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A well deserved summer break

The world of Formula 1 will stop spinning for a month following the Hungarian Grand Prix this weekend, and everyone will surely use this refreshing summer break to regroup after a controversial and emotionally draining first half of the season.

Pirelli tires
F1 teams found out at the beginning of the year that the 2013 Pirelli tires wore out very quickly -- in fact, too quickly for most. They were outraged, and rightfully so: Why spend tens of millions of dollars to develop a car when the excessively fast-wearing tires are no good after 3 laps? Fortunately, the problem now seems to have been fixed by mixing the new compound with last year's rubber.

The Mercedes scandal

The German manufacturer was labelled a cheater by competitors after it conducted private, nearly secret tests with Pirelli against strict F1 rules. The subsequent disciplinary hearing resulted in a ban from a mid-July young driver testing session at Silverstone. For many teams, the penalty was little more than a rap across the knuckles.

Where will Kimi go?
Kimi Räikkönen may stay at Lotus or head over to Red Bull to take the spot left open by Mark Webber's upcoming departure. However, he's not the hardest-working driver around, and a move to Red Bull would mean lots of technical work, not to mention high-profile marketing operations -- which he absolutely hates. Given his hefty contract, expect the Finnish driver who talks like a penguin to race for Lotus again in 2014.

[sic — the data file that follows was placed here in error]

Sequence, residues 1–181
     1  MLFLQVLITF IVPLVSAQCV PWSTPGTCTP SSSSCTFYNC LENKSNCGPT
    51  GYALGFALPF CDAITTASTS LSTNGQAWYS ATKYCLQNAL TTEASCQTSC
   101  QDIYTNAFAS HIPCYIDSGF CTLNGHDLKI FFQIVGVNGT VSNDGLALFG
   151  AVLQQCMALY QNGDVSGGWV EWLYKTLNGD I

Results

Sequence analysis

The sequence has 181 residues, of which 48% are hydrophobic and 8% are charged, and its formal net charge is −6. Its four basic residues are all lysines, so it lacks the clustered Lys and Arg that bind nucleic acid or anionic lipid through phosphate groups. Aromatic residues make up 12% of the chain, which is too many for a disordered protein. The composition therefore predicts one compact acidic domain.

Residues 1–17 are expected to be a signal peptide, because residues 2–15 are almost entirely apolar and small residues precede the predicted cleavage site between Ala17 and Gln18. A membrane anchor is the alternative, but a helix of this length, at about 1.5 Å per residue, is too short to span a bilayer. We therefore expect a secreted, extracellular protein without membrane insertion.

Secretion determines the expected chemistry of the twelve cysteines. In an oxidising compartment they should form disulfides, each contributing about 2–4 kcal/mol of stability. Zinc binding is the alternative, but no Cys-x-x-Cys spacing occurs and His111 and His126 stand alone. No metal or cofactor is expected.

Bernie is indicted
We knew that Bernie Ecclestone was walking a tightrope ever since Gerhard Gribkowsky claimed to have received a bribe from the F1 tsar to boost stock value in order to smooth the sale to CVC. A German court indicted Ecclestone, and F1 manufacturers are now mad as heck, especially Mercedes which doesn't like participating in a sport headed by a man who will have to face justice.

The return of Honda
Thank God, it was not all bad news and controversy on and off the track: The announcement of Honda's return to F1 provided a happy and much-needed silver lining. The Japanese manufacturer will build an all-new 1.6L turbocharged engine for McLaren -- and maybe another team -- to race with as early as 2015. That's great news, because with just 3 engine manufacturers committed for 2014, F1 suddenly became vulnerable to any big blow. My guess is that Honda is back to win, not merely for a cameo. By teaming up with a strong partner like McLaren, Honda will be well positioned to succeed.

Enjoy your summer, dear F1 folks, and see you again at the Belgian Grand Prix in late August -- hopefully well rested and refocused.

A well deserved summer break
Photo: WRI2